Tension between sticky job markets and rising prices could pose a growing problem for U.S. Federal Reserve officials who have staked an aggressive monetary policy on the belief they can avoid a conflict between returning U.S. employment to pre-pandemic levels and keeping inflation under control.
Traditionally, some trade-off between the two is regarded as unavoidable, with the cost of controlling inflation paid in slowed growth and fewer jobs as the Fed raises interest rates to cool things off.
But weak inflation over the last 30 years has convinced Fed officials they can have it all, with prices held down by entrenched forces so disconnected from the labor market that the Fed can promise a long spell of low rates and unchecked growth to claw back the 8.2 million jobs still missing from before the pandemic.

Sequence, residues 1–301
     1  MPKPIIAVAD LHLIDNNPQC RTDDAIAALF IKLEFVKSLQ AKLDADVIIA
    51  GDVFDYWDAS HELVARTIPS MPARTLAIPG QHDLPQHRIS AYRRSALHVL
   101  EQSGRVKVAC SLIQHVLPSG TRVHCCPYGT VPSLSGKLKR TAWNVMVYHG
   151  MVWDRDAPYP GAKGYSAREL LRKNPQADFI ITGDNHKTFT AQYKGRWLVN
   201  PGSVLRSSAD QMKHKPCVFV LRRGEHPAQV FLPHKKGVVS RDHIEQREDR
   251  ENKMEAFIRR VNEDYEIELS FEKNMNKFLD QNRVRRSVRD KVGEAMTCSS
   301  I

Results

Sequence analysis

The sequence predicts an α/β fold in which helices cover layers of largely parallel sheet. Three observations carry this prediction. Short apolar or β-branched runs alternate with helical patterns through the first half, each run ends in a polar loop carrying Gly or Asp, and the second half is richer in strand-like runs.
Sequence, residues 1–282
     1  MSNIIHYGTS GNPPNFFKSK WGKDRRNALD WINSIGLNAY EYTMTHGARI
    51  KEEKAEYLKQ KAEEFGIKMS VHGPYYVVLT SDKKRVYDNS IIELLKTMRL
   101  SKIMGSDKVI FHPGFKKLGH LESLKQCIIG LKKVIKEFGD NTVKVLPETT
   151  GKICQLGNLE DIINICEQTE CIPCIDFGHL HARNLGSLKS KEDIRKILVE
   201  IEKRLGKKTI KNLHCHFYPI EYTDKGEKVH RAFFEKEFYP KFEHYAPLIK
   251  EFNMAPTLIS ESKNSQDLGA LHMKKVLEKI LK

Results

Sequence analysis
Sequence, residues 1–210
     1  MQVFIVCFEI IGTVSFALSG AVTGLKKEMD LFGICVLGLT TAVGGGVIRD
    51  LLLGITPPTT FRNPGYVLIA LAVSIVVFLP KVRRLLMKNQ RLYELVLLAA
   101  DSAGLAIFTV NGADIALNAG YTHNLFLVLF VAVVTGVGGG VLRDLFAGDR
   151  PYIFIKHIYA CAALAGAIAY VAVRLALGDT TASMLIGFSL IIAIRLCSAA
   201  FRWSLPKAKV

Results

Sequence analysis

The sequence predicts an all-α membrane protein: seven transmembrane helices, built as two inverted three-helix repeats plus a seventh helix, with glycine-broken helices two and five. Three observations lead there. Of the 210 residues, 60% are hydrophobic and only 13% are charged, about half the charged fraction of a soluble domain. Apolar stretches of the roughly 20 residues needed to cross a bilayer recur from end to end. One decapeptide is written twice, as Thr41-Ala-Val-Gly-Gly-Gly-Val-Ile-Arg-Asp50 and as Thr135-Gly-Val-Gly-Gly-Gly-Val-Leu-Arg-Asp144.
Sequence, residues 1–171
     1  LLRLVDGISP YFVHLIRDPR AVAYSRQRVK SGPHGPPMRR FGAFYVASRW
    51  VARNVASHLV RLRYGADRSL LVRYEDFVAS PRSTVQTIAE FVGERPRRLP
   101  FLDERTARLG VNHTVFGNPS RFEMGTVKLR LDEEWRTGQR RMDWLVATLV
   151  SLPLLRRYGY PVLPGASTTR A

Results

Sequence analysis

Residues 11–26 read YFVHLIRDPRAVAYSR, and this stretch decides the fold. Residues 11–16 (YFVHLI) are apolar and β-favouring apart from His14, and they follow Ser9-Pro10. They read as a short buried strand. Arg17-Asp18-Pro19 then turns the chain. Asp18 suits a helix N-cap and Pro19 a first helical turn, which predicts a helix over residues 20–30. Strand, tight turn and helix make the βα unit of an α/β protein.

They are now entering the heart of that test and the data so far offers little assurance.
April saw slow job growth and faster-than-expected price increases, and early employment data for May suggests hiring may have remained sluggish despite a record number of job postings – a worst-of-both-worlds outcome. Real-time employment data monitored by Oxford Economics edged down early this month, and high-frequency measures of employee time kept by Homebase and UKG showed slow or no growth for the last week, the timeframe for the May jobs survey.